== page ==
Failed States: The Abuse Of Power And The Assault On Democracy
By Noam Chomsky
Metropolitan Books, 2006
In Failed States: The Abuse of Power and the Assault on Democracy, Noam Chomsky sketches the historical origins of the Bush administration’s “preemptive war” doctrine, beginning with Andrew Jackson’s conquest of Spanish-held Florida in the first Seminole war of 1818 (John Quincy Adams justified the war as selfdefense), the annexation of Texas in 1845, the blocking of Cuba’s liberation in 1898 and turning it into a “virtual colony” until 1959.
Chomsky is alarmed by aspects of U.S. nuclear policy, including its own violations of the nuclear Non-Proliferation Treaty of 1970 and its discriminatory demands for Iranian non-proliferation, while granting exemptions to Israel, India and Pakistan.
Most disturbing are Chomsky’s references to a recent review in Foreign Affairs by a distinguished scholar of German history, Fritz Stern, of the descent in Germany from decency to barbarism.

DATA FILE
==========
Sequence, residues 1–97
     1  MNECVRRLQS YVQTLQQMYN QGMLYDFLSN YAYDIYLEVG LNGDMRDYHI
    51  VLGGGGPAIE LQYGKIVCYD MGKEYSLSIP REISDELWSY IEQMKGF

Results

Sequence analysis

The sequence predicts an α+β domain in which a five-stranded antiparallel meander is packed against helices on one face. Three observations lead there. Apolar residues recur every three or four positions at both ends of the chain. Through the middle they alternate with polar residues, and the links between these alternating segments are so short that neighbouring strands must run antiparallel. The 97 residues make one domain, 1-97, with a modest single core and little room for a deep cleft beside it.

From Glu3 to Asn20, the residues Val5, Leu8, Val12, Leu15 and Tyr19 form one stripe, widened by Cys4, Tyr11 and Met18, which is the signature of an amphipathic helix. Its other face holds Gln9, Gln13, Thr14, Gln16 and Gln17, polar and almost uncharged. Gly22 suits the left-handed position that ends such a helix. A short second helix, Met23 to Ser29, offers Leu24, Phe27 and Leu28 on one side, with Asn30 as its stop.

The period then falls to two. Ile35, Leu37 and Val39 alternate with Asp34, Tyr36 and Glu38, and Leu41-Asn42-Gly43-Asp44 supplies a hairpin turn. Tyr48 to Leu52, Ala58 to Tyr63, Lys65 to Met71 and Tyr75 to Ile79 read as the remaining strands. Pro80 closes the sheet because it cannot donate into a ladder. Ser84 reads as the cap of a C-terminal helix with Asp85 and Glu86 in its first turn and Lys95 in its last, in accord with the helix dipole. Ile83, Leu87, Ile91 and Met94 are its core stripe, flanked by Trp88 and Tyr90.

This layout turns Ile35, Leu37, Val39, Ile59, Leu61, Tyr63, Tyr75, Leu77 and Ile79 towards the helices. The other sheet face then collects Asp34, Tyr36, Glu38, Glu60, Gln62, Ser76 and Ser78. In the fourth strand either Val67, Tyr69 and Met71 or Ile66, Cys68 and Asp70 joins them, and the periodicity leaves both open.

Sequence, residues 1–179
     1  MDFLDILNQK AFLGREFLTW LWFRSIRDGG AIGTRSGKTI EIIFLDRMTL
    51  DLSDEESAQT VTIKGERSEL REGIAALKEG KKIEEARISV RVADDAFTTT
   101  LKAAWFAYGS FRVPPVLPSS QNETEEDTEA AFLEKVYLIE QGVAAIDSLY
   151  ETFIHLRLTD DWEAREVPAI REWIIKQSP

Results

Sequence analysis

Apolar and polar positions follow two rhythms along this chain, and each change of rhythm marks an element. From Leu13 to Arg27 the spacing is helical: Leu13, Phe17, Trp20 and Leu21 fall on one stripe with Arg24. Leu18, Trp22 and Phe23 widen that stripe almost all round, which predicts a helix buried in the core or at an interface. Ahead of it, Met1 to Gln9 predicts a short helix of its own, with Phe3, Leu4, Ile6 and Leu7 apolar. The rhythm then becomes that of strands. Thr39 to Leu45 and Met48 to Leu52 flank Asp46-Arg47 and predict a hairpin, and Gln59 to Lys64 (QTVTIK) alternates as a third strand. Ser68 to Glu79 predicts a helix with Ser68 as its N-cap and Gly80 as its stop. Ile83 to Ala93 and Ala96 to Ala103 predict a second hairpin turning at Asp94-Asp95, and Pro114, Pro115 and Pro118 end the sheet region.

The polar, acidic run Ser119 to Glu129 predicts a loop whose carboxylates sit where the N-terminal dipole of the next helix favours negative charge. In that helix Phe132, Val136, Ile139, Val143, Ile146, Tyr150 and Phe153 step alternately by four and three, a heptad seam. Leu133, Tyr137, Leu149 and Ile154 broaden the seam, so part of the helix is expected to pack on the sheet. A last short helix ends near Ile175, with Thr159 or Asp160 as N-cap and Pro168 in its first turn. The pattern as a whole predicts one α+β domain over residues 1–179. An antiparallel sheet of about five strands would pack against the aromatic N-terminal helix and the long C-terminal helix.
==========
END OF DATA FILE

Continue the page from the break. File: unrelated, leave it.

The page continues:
“With implications for the here and now that no reader can fail to discern,” Chomsky writes, “Stern reviews Hitler’s demonic appeal to his ‘divine mission’ as Germany’s savior in a ‘pseudo-religious transfiguration of politics’ adapted to ‘traditional Christian forms.’”
Chomsky proceeds to analyze the results of the 2004 U.S. elections – “in fact, they barely took place in any serious sense of the term election” – and their outcome, which he characterizes as harmful to the general American population and threatening for the world and future generations.
In his presentation of possible solutions to immediate dilemmas and crises, Chomsky is less hopeful than usual. For example, in a previous book, What Uncle Sam Really Wants, he emphasized what the individual could do, from demonstrating to doing one’s own research to political organizing.
In Failed States, he shifts his proposals for action to the international arena. He urges that the United States accept the jurisdiction of the International Criminal Court and the World Court; sign and carry forward the Kyoto protocols; let the United Nations take the lead in international crises; keep to the traditional interpretation of the U.N. charter; give up the Security Council veto; cut back sharply on military spending and sharply increase social spending.
The reader who wishes to know the score will find it in Chomsky’s new book. The world’s multiple crises have been allowed to become unmanageable. If and when they converge, the results will be calamitous and conclusive.